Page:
Flagstaff Shooting Raises Debate about Gun Laws

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Flagstaff Shooting Raises Debate about Gun Laws

By Anna Chuo, Morale Officer

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Only eight days after Umpqua Community College in Roseburg, Oregon was devastated with a school shooting, Northern Arizona University suffered from a shooting of their own on Oct. 9.

At about 1 a.m. two opposing groups of a few students were visited by police due to confrontation. Later, there was a text at around 2:52 a.m. cautioning students about a shooting that had happened more than an hour ago. There was one death and three students were wounded. The shooter, 18-year-old Stephen Jones has since been arrested and charged with first-degree murder.

Since the Sandy Hook Shooting in December of 2012, there have been 144 school shootings, which averages to about once a week. The majority of the states have had a school shooting, with a concentration on the Eastern side of the country. School shootings can encompass a variety of scenarios, including gun fire with no injuries, unintentional fire resulting in injury or death, attempted suicide or suicide with no intention of others being injured, and attack on another person or people resulting in injuries or death.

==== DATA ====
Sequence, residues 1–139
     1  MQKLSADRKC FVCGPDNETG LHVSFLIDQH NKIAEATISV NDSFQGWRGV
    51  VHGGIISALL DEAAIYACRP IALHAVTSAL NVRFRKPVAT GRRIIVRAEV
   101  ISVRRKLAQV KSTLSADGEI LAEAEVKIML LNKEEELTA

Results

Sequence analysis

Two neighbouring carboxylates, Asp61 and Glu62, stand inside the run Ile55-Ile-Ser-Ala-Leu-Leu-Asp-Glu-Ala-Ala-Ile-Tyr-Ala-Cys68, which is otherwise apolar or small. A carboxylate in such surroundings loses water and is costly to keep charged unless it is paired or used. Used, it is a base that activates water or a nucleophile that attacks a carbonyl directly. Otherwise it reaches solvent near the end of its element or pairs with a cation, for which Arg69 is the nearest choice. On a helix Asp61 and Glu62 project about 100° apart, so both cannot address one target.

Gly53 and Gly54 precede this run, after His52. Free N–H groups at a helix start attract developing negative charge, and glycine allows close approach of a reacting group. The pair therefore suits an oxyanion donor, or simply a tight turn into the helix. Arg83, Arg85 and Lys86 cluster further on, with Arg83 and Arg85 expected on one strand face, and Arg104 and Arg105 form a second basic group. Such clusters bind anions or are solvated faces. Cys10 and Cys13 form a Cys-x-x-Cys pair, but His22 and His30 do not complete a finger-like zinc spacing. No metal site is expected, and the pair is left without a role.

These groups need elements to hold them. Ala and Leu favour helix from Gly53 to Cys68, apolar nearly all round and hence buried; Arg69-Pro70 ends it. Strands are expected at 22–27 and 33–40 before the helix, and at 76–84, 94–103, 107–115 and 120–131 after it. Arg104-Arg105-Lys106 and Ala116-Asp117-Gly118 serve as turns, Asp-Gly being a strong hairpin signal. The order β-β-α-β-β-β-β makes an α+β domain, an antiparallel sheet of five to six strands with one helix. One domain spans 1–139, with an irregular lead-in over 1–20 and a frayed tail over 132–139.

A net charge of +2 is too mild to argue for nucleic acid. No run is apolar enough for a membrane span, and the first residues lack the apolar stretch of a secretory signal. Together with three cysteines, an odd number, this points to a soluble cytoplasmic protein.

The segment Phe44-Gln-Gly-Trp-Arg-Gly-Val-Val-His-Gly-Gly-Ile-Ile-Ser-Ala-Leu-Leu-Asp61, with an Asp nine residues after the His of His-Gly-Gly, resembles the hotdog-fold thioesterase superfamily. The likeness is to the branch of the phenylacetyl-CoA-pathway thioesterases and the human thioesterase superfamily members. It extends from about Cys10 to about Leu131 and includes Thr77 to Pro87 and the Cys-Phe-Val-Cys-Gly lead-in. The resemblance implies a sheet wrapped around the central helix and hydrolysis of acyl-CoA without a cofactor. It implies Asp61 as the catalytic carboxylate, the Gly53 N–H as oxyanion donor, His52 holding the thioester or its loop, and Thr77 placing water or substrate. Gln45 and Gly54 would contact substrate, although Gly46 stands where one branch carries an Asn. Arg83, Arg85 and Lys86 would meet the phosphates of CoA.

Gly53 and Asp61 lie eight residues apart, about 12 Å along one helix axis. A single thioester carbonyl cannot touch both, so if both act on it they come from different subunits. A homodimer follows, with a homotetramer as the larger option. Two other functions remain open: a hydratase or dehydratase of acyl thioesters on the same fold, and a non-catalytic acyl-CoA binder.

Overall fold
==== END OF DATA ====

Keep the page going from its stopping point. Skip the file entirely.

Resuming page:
How we’ve been able to continue this pattern without changing our ways is appalling, and thankfully most people are finally noticing. It can be challenging to discuss guns though, since there are many deeply divided opinions and no room for compromise in the eyes of radicals. Whether it’s with stricter gun laws, teachers having handguns (though is fighting fire with fire logical?), or better care for the mentally challenged, something needs to change. Because doing something, regardless of if it’s some people’s first choice, is better than simply sitting back and waiting for everyone to magically come to a consensus.